Gideon Strumpet wrote:
sgtgrumbles wrote:Can anyone chime in on what's necessary for the wardrobe of a public interest student generally?
On the job, you will see staff attorneys at (some) legal aid and public defender offices slouching around in jeans and sandals. You may also see interns do it. You might not hear anyone say anything about it, but that doesn't mean it's a good idea. Those attorneys wearing jeans and sandals already have jobs. You do not. Assuming you want to work
in public interest, and you're not just backfilling 1L summer or doing pro-bono on the side, your summer internship is a three month job interview. Treat it like one.
The baseline rule here is: the lower your status, the more formal your dress. If you dress as casually as the staff attorneys you work with, then you're sending the message that you think you're equal to them. You're not. Also, nobody will ding you for over dressing; but some people will ding you for under dressing.
Often the people who will ding you for being a slob are the same people who themselves come to work every day in swim trunks and sandals. It's a status thing; they perceive you (correctly) as a dolt, because you assumed the privileges of a status that you do not have.Bottom line is, it's always safe to over dress. Wearing a suit every day is not going to cost you points at any firm, nonprofit or otherwise.
Wearing a shirt and tie in a business casual office is not going to be a problem. If a senior attorney tells you directly that you should dial it back, then obviously listen to them; but you're not going to lose any points with them because they told you to dress down. You will lose points if someone has to tell you to dress up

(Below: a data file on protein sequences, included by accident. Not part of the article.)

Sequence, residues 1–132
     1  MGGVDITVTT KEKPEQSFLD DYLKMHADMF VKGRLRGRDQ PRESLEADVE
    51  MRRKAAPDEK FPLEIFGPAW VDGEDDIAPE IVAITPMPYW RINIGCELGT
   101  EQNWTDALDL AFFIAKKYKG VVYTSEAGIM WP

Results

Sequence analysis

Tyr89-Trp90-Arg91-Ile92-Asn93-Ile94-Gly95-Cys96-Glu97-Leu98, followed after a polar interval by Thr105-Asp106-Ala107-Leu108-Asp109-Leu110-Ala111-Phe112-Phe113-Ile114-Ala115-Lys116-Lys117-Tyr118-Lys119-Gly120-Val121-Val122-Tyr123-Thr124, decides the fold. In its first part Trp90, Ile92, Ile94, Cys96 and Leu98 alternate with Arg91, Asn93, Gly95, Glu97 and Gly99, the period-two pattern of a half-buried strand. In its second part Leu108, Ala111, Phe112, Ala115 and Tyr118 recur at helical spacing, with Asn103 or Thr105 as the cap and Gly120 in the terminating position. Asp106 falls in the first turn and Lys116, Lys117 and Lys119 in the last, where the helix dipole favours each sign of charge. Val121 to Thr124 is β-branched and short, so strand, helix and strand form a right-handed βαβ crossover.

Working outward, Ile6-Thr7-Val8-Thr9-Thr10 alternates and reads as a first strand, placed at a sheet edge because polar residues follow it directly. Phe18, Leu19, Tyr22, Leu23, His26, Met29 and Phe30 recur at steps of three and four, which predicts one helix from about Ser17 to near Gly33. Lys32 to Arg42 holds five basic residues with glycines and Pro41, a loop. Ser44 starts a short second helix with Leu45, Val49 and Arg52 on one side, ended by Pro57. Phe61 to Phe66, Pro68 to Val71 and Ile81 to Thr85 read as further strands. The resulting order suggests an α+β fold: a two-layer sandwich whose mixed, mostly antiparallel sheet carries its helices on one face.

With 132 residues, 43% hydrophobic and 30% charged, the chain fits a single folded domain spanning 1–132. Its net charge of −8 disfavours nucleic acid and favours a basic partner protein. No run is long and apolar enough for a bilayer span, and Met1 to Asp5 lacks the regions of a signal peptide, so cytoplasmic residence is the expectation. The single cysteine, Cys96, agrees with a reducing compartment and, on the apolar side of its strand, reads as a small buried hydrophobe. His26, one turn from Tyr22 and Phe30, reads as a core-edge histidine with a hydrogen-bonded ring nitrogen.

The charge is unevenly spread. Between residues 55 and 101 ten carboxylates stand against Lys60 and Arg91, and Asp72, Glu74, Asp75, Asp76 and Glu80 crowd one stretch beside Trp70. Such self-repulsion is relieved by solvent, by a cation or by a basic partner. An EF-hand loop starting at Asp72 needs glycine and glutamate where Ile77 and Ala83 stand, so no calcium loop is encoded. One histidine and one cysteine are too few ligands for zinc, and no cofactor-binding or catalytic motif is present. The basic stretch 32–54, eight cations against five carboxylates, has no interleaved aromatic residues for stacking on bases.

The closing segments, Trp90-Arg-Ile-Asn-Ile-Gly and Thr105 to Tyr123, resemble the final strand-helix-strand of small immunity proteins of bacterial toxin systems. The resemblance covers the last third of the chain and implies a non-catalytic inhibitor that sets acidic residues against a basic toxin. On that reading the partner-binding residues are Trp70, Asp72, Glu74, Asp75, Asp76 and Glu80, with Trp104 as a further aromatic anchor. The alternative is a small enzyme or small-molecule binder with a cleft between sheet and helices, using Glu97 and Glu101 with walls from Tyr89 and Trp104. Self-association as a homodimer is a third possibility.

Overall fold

(though it's unlikely anyone will actually tell you this; they'll just write you off as being an idiot as well as a slob).
I just wanted to point out that on the West Coast, the bolded does not necessarily apply-you can
alienate an office by overdressing. I did a year at SF's civil legal services agency, and for the first week, I wore slacks, dress shoes, an informal wool jacket (the kind with the professor patches on the elbows) and a dress shirt. I'd usually come in wearing a tie but lose it halfway through the day. After a week, one of the head attorneys, a brilliant woman from HLS, came to me and said, "Why are you wearing a suit everyday? You really
don't need to." Of course, the irony is that it wasn't even a suit. The clear implication is that it was odd for me to dress that way.
Prior to working there, I had an interview at the Berkeley nonprofit that is conducting the extremely large Wal-Mart class action suit that recently came before the Supreme Court. It was my first West Coast interview after moving back to Cali from DC. I wore my full interview suit to the interview with the head attorney, who wore jean shorts and a t-shirt. His first reaction to me was to wrinkle his nose and say, "Who told you you had to wear a suit?" I said that wearing a suit showed how seriously I took this opportunity, but it was clearly strange for me to have done so in his eyes. I didn't get the job, although I thought the rest of the interview went well.
In contrast, I wore a suit my interview for a job at a marijuana legalization lobby in DC, and that was expected of me. The East Coast/West Coast dress culture is very, very different.